Words - Geoffrey Harris
Bit by bit the story of the HRT ownership fuss is unfolding ahead of the second round of the V8 Supercar Championship in Perth this weekend, there's talk of another touring car series for smaller, imported machines, and grand prix costs and benefits are

Midweek motorsport report
March 21, 2007

Fine may be $300,000
The details of what the Holden Racing Team ownership row was all about are starting to seep out, with the revelation today of what was suspected -- that Tom Walkinshaw (pictured) is a half-owner of HRT.

Today's editions of Auto Action and Motorsport News have comprehensive coverage of the issue again, following last Friday night's announcement of a fine -- or "financial settlement" between HRT and the Touring Car Entrants Group -- which Auto Action says is "in the $250,000-$300,000 range".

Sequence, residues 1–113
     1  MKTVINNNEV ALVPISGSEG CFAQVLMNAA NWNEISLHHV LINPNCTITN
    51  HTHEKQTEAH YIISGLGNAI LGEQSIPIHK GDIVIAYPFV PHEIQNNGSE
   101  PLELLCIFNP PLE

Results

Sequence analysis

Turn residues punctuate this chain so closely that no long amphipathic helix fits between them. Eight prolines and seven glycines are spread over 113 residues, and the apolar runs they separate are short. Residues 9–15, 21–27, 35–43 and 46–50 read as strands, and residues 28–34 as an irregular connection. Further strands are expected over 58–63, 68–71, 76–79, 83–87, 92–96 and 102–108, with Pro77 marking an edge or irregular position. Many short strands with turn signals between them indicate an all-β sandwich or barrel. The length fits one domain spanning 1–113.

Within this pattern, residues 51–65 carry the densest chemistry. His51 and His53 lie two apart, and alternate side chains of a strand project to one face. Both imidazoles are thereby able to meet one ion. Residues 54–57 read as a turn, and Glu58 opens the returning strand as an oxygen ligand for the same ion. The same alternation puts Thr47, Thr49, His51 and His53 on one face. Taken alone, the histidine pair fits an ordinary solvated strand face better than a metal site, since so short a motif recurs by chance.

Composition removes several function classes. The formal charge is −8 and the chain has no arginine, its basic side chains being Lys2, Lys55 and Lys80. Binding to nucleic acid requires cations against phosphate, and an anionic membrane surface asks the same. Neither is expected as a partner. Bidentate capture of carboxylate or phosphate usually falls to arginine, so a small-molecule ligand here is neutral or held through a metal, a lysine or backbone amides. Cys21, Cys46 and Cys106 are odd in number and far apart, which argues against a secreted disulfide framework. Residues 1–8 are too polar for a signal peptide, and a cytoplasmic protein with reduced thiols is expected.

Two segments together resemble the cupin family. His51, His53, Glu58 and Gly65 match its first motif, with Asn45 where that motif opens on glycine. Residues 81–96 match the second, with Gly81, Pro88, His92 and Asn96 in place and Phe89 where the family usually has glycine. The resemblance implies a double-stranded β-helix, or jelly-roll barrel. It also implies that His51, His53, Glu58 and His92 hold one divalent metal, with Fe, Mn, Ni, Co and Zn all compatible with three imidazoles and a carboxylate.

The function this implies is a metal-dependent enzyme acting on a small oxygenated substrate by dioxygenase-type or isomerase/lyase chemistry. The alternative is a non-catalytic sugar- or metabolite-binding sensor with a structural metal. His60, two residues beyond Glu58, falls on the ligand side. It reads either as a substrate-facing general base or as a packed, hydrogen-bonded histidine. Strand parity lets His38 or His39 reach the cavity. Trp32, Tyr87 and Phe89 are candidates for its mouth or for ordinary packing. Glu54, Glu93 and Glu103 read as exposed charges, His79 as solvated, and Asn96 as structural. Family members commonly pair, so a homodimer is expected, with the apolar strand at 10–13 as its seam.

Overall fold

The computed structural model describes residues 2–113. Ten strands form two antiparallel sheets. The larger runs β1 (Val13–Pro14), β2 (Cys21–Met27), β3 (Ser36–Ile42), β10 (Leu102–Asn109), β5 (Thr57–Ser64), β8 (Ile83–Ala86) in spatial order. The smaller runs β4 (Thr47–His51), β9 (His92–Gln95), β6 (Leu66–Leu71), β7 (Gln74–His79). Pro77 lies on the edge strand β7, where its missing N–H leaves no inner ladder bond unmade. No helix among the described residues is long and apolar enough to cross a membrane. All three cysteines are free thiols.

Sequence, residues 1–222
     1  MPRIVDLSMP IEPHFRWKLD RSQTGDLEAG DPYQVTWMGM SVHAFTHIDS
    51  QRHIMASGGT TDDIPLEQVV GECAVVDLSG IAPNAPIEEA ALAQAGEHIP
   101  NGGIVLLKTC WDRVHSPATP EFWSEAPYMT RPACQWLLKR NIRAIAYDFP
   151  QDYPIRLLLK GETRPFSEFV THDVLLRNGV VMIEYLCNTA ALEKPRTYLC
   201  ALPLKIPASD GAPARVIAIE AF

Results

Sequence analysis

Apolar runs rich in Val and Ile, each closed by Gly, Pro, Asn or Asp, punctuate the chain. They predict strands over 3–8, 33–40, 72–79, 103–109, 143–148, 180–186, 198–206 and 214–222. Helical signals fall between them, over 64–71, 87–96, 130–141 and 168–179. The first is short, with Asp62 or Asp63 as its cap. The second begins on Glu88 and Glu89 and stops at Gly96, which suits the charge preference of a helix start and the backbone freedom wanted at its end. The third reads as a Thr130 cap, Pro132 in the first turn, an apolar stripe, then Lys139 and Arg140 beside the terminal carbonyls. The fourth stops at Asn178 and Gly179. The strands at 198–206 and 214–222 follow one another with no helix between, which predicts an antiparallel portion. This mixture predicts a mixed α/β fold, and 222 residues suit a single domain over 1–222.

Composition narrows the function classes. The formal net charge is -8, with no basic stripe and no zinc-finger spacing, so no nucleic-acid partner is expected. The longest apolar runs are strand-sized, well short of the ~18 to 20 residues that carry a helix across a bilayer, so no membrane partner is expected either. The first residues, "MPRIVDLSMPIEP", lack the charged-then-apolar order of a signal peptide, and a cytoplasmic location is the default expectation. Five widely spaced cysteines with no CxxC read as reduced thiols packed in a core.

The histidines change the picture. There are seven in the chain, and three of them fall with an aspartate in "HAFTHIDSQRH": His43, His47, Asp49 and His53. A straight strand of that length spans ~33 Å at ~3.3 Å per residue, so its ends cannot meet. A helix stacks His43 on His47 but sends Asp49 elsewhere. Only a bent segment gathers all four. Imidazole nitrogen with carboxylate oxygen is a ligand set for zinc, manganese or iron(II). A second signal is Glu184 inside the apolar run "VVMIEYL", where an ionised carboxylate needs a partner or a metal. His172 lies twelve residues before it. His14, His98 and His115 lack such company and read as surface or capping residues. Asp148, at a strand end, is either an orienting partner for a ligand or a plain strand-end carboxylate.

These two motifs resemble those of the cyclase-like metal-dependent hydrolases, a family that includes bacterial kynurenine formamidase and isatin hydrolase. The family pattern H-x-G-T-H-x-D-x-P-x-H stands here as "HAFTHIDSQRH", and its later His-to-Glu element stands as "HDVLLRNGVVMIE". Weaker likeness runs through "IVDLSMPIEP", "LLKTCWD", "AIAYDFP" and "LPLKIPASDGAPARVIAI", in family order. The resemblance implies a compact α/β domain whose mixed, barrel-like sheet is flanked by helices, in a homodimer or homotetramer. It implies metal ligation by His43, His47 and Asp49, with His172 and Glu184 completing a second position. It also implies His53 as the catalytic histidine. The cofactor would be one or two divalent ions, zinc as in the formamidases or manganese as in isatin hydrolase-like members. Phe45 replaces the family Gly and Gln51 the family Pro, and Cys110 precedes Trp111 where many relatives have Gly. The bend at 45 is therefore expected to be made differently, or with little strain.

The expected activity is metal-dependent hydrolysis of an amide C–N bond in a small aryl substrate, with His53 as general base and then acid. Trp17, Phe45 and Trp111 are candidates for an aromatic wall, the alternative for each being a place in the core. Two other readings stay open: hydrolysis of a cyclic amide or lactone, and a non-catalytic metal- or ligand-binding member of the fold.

Rival Motorsport News publishes a memo from TEGA to V8 Supercar teams which confirms Walkinshaw Performance, the company through which the Scottish entrepreneur resurfaced in Australian motorsport a year ago, is a 50 per cent owner of Mark Skaife's Skaife Sports, which holds the two V8 Supercar licences under which HRT competes.

"TEGA has not approved Tom Walkinshaw as a person suitable to hold a controlling interest in a licence nor hold a licence in his own right," the memo says.

"Should Walkinshaw seek to acquire more than a 50 per cent interest in Skaife Sports at any time in the future he will be required to seek formal approval from the (TEGA) board at that time.